AI can improve productivity and help solve complex problems

The AI economic landscape is evolving as AI becomes a general‑purpose technology. Through cheaper and more accurate predictions, recommendations or decisions, AI promises to generate productivity gains, improve well‑being and help address complex challenges. Leveraging AI requires complementary investments in data, skills and digitalised workflows, as well as changes to organisational processes. Therefore, adoption varies across companies and industries.

AI investment and business development are growing rapidly

Private equity investment in AI start‑ups accelerated from 2016, after five years of steady increases. Private equity investment doubled from 2016 to 2017, reaching USD 16 billion in 2017. AI start‑ups attracted 12% of worldwide private equity investments in the first half of 2018, reflecting a significant increase from just 3% in 2011 in a trend seen across all major economies. These investments are usually large, multi‑million dollar deals. With maturing technologies and business models, AI is progressing towards wide roll‑out.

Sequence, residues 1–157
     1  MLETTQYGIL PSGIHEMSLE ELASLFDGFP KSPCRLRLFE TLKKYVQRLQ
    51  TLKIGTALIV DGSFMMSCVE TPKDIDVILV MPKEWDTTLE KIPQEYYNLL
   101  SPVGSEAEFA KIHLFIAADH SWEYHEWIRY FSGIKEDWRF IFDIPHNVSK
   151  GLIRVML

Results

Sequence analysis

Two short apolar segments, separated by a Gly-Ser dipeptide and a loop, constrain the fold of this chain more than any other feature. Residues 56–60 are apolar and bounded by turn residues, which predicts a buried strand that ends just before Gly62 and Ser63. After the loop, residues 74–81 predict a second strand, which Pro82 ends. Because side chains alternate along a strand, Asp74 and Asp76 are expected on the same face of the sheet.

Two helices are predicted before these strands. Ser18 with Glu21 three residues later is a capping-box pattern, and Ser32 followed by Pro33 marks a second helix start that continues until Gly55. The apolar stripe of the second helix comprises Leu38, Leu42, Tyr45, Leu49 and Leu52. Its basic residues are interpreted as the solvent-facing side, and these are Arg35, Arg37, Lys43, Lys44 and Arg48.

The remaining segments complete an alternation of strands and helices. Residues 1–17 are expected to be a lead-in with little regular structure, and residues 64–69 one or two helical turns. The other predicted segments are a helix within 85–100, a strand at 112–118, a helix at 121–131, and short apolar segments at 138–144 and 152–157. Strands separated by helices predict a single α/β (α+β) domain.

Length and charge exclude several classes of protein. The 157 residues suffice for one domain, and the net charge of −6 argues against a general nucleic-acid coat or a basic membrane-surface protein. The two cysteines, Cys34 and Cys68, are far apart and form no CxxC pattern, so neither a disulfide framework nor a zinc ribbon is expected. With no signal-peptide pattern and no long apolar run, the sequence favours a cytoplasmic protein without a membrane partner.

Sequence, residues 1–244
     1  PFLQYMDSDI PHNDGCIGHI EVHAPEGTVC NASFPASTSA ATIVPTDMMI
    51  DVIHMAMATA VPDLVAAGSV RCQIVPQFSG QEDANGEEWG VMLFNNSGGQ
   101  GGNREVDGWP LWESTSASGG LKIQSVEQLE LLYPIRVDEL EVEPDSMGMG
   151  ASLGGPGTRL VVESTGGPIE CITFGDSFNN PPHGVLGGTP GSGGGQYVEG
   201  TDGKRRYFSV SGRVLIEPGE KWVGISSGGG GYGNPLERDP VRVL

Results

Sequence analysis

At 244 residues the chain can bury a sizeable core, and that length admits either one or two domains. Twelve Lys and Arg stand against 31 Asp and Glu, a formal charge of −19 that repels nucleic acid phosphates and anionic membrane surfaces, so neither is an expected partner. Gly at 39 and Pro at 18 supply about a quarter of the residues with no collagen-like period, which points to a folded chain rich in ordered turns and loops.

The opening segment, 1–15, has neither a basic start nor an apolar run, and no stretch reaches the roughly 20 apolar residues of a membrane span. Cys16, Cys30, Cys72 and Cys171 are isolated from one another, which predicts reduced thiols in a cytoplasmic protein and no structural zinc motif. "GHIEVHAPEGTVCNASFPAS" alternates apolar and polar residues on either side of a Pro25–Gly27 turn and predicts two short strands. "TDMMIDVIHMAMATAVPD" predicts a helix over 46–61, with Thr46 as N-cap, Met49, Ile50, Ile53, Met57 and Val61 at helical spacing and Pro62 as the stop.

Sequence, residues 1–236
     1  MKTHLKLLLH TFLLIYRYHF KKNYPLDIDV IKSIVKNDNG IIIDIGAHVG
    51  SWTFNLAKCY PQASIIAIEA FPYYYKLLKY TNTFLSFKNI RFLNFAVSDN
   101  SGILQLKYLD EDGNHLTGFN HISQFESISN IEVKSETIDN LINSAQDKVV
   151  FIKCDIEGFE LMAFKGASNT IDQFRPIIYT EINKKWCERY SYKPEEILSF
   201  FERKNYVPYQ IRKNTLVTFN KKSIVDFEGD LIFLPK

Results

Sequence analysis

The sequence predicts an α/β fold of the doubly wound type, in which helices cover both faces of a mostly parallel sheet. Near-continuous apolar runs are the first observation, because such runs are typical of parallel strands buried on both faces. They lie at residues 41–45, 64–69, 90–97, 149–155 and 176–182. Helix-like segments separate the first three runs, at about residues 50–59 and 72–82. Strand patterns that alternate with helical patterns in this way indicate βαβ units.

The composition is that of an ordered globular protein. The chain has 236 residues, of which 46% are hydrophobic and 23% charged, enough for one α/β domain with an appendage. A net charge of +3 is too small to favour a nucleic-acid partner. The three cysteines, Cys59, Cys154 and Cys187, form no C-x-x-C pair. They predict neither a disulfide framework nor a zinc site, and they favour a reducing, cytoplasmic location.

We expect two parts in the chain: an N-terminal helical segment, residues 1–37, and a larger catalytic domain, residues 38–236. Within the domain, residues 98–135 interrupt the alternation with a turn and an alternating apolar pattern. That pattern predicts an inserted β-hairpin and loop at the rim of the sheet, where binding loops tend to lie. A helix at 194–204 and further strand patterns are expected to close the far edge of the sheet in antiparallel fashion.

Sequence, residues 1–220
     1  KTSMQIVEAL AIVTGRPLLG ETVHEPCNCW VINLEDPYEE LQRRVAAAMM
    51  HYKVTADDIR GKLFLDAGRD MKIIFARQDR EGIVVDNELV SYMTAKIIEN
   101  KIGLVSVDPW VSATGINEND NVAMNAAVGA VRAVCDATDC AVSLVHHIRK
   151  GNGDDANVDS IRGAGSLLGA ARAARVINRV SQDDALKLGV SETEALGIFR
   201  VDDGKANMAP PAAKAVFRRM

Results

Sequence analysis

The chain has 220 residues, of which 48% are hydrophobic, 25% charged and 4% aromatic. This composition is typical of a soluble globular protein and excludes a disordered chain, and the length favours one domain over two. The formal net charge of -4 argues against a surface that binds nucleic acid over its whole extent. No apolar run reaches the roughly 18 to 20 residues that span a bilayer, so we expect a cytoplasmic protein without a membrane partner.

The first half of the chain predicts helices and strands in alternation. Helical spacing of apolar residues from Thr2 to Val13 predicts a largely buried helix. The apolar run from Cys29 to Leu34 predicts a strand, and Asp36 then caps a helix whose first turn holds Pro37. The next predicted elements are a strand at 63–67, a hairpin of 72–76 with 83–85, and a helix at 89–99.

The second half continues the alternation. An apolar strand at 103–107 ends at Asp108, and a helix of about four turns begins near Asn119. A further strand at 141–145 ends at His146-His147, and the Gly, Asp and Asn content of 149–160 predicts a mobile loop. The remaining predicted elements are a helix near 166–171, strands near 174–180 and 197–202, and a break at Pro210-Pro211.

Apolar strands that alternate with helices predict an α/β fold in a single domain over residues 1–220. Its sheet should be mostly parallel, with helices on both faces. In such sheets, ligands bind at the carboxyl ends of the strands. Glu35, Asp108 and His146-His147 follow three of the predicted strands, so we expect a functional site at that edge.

AI applications abound, – from transport to science to health

AI applications are experiencing rapid uptake in a number of sectors where it is possible for them to detect patterns in large volumes of data and model complex, interdependent systems to improve decision making and save costs.

  • In the transport sector, autonomous vehicles with virtual driver systems, high‑definition maps and optimised traffic routes all promise cost, safety, quality of life and environmental benefits.
  • Scientific research uses AI to collect and process large‑scale data, to help reproduce experiments and lower their cost, and to accelerate scientific discovery.